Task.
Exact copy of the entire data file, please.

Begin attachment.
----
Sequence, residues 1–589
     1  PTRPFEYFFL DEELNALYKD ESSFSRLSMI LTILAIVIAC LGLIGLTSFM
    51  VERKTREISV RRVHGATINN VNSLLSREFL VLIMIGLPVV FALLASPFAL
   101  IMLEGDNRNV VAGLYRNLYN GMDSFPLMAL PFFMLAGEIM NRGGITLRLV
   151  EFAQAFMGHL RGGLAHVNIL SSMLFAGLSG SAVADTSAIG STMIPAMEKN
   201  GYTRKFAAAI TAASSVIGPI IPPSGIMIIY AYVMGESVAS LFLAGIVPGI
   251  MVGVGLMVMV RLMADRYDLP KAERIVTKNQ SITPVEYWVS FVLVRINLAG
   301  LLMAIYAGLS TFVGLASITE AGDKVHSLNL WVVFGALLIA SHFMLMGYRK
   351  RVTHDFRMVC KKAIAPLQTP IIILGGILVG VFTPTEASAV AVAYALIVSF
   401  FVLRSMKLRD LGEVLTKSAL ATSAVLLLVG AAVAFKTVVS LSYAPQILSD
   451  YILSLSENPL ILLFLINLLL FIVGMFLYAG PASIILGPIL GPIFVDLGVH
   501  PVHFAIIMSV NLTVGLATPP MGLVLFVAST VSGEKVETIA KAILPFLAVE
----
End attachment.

Sequence, residues 1–589
     1  PTRPFEYFFL DEELNALYKD ESSFSRLSMI LTILAIVIAC LGLIGLTSFM
    51  VERKTREISV RRVHGATINN VNSLLSREFL VLIMIGLPVV FALLASPFAL
   101  IMLEGDNRNV VAGLYRNLYN GMDSFPLMAL PFFMLAGEIM NRGGITLRLV
   151  EFAQAFMGHL RGGLAHVNIL SSMLFAGLSG SAVADTSAIG STMIPAMEKN
   201  GYTRKFAAAI TAASSVIGPI IPPSGIMIIY AYVMGESVAS LFLAGIVPGI
   251  MVGVGLMVMV RLMADRYDLP KAERIVTKNQ SITPVEYWVS FVLVRINLAG
   301  LLMAIYAGLS TFVGLASITE AGDKVHSLNL WVVFGALLIA SHFMLMGYRK
   351  RVTHDFRMVC KKAIAPLQTP IIILGGILVG VFTPTEASAV AVAYALIVSF
   401  FVLRSMKLRD LGEVLTKSAL ATSAVLLLVG AAVAFKTVVS LSYAPQILSD
   451  YILSLSENPL ILLFLINLLL FIVGMFLYAG PASIILGPIL GPIFVDLGVH
   501  PVHFAIIMSV NLTVGLATPP MGLVLFVAST VSGEKVETIA KAILPFLAVE